AEP Reports 2012 Fourth-Quarter and Year-End Earnings

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  • Fourth-quarter earnings $0.05 per share GAAP and $0.50 per share operating; difference primarily due to Ohio plant impairments and restructuring charges
  • 2012 year-end earnings $2.60 per share GAAP and $3.09 per share operating
  • Continued discipline around controlling costs
  • John W. Turk Jr. coal-fueled generation plant on line in December 2012

AMERICAN ELECTRIC POWER

Preliminary, unaudited results

  Fourth quarter ended Dec. 31 Year-to-date ended Dec. 31
  2012 2011 Variance 2012 2011 Variance

EPS based on 485mm shares Q4 2012, 483mm in Q4 2011, 485mm in YTD 2012 and 482mm in YTD 2011
Revenue ($ Billions): 3.6 3.4 0.2 14.9 15.1 (0.2)
Earnings ($ Millions):
GAAP 21 308 (287) 1,259 1,941 (682)
Operating 242 194 48 1,497 1,504 (7)
EPS ($):
GAAP 0.05 0.64 (0.59) 2.60 4.02 (1.42)
Operating 0.50 0.40 0.10 3.09 3.12 (0.03)

COLUMBUS, Ohio, Feb. 15, 2013 – American Electric Power (NYSE: AEP) today reported fourth-quarter 2012 earnings, prepared in accordance with Generally Accepted Accounting Principles (GAAP), of $21 million or $0.05 per share, compared with $308 million or $0.64 per share in 2011. Operating earnings (excluding special items) for fourth-quarter 2012 were $242 million or $0.50 per share, compared with fourth-quarter 2011 operating earnings of $194 million or $0.40 per share.

GAAP earnings for year-end 2012 were $1.259 billion or $2.60 per share, compared with $1.941 billion or $4.02 per share in 2011. Operating earnings for 2012 were $1.497 billion or $3.09 per share, compared with $1.504 billion or $3.12 per share in 2011.

For the year, operating earnings were $238 million or $0.49 per share higher than GAAP earnings due to the following items (net of tax): Ohio plant impairments of $184 million, or $0.38 per share; a $9 million adjustment associated with the Texas cost cap on the construction of the John W. Turk Jr. (Turk) coal-fueled power plant, or $0.02 per share; and a $30 million charge associated with AEP’s cost restructuring efforts, or $0.06 per share. In addition, in 2012, AEP recognized a $15 million tax provision, or $0.03 per share, associated with UK windfall taxes. All of the differences between 2012 operating and GAAP earnings occurred in fourth-quarter 2012 with the exception of the Turk adjustment, which occurred in third-quarter 2012, and $8 million of the restructuring charge recorded in second-quarter 2012.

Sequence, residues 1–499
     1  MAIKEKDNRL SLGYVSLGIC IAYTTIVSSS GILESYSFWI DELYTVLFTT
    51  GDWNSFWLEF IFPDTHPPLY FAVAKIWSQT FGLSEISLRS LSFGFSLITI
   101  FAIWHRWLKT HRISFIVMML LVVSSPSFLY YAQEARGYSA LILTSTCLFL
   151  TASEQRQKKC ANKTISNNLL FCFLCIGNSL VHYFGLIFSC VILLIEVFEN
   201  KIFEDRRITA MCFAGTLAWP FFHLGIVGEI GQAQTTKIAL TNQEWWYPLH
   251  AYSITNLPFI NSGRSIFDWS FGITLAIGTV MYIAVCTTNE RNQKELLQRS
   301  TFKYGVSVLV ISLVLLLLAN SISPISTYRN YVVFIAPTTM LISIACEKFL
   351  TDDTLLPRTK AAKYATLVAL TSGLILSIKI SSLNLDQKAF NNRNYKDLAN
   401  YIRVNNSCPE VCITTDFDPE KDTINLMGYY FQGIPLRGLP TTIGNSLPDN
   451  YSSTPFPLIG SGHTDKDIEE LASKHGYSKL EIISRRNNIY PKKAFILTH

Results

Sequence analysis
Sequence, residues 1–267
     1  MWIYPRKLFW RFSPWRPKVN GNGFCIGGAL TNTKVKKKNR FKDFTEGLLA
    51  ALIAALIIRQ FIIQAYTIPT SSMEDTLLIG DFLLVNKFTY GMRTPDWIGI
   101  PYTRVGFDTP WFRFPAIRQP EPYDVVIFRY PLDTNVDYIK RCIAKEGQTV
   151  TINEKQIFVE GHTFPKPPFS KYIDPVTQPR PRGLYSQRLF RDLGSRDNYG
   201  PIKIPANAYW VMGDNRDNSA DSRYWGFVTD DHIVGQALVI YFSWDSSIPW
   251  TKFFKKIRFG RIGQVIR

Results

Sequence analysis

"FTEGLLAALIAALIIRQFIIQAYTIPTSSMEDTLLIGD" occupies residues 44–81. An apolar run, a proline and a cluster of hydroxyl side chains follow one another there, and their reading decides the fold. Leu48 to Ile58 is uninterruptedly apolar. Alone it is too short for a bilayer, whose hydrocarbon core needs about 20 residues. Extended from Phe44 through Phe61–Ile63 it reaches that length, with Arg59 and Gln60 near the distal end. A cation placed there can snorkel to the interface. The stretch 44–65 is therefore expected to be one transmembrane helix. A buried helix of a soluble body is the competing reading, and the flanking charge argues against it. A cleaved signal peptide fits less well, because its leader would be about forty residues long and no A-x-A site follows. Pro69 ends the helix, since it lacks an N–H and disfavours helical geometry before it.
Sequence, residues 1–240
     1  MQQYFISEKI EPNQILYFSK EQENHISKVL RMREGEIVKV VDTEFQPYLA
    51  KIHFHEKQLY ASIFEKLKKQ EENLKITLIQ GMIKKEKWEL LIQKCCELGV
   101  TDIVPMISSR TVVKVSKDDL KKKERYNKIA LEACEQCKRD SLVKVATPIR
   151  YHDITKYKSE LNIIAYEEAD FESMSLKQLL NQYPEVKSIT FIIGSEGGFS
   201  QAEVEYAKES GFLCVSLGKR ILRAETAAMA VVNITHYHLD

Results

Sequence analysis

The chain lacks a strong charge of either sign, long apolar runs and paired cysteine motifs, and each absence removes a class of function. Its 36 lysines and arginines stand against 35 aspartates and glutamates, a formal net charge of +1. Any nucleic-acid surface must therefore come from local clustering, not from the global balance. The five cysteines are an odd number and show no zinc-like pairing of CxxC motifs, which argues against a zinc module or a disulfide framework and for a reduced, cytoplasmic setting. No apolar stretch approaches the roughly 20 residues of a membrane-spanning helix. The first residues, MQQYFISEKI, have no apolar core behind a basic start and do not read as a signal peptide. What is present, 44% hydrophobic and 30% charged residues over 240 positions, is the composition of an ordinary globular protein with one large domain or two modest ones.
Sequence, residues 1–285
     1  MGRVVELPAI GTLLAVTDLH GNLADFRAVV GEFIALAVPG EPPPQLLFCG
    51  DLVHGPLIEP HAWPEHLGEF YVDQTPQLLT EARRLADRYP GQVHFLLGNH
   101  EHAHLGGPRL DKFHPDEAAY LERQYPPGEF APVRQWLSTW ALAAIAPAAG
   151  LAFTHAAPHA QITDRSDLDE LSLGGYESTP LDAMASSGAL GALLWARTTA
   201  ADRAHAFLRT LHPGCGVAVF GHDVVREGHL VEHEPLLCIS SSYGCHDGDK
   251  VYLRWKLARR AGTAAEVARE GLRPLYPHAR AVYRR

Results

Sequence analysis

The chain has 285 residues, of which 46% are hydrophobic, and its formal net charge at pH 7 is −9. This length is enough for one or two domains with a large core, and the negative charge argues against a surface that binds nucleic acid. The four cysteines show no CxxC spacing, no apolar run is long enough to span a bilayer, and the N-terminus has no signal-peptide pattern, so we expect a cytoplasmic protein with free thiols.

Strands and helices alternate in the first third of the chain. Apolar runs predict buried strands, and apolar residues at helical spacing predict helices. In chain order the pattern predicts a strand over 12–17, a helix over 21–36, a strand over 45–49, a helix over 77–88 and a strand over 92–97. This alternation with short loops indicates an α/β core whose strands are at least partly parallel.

A full reconciliation of 2012 and 2011 GAAP earnings with operating earnings for the quarter and year to date is included in tables at the end of this news release.

“In spite of considerable challenges in 2012, including extended regulatory uncertainty in Ohio, lagging demand growth and several unprecedented storms, we provided solid financial results for our shareholders and safely delivered reliable, affordable electricity for the benefit of our customers,” said Nicholas K. Akins, president and chief executive officer. “I’m particularly proud that our employees remained focused throughout the year and completed 2012 with no fatalities and record-low injury rates, while maintaining effective cost controls.

“Our operating earnings for the fourth quarter and the year were in line with results from last year despite sluggish demand growth and the negative impact of customer switching in Ohio. AEP shareholders received an 8.22 percent total shareholder return in 2012, including dividends – well above the total shareholder return of negative 0.55 percent for the S&P 500 Electric Utilities Index,” Akins said. “We took advantage of available, low-priced debt capital and replaced all of our parent debt at more attractive rates. We further strengthened our financial position by reducing our post-employment benefit liability and increasing the funding of our qualified pension plan to 92 percent.

“We made significant progress reducing regulatory uncertainty. With the receipt of an Electric Security Plan order in Ohio, we have a clear path for corporate restructuring in the state. We’ve filed for corporate separation and transfer of our Ohio generation assets to our competitive generation entity and other operating companies and expect to fully separate our Ohio generation from our Ohio utility operations at the end of 2013,” Akins said.

“We delivered earnings improvement each quarter in 2012 from our transmission business, and we benefitted from successful rate proceedings in several jurisdictions. We also continued our legacy of generation leadership by bringing on line two new power plants in 2012, the 580-megawatt combined-cycle natural gas Dresden Plant and the 600-megawatt Turk Plant, the first ultra-supercritical coal plant in the United States,” Akins said.

EARNINGS GUIDANCE

Simultaneous with today's earnings release, management established 2013 operating earnings guidance of $3.05 to $3.25 per share. In providing operating earnings guidance, there could be differences between operating earnings and GAAP earnings for matters such as, but not limited to, divestitures or changes in accounting principles. AEP management is not able to estimate the impact, if any, on GAAP earnings of these items. Therefore, AEP is not able to provide a corresponding GAAP equivalent for earnings guidance.

SUMMARY ONGOING RESULTS BY SEGMENT

$ in millions except EPS

GAAP Earnings 4Q 12 4Q 11 Variance YTD 12 YTD 11 Variance  
A full reconciliation of GAAP earnings with operating earnings is included in tables at the end of this news release.  
Utility Operations 79 289 (210) 1,296 1,914 (618)  
Transmission Operations 12 11 1 43 30 13  
AEP River Operations 4 22 (18) 15 45 (30)  
Generation and Marketing 3 (6) 9 7 14 (7)  
All Other (77) (8) (69) (102) (62) (40)  
Total GAAP Earnings 21 308 (287) 1,259 1,941 (682)  
               
Operating Earnings 4Q 12 4Q 11 Variance YTD 12 YTD 11 Variance  
Utility Operations 283 175 108 1,517 1,455 62  
Transmission Operations 13 11 2 44 30 14  
AEP River Operations 4 22 (18) 15 45 (30)  
Generation and Marketing 3 (6) 9 7 14 (7)  
All Other (61) (8) (53) (86) (40) (46)  
Total Operating Earnings 242 194 48 1,497 1,504 (7)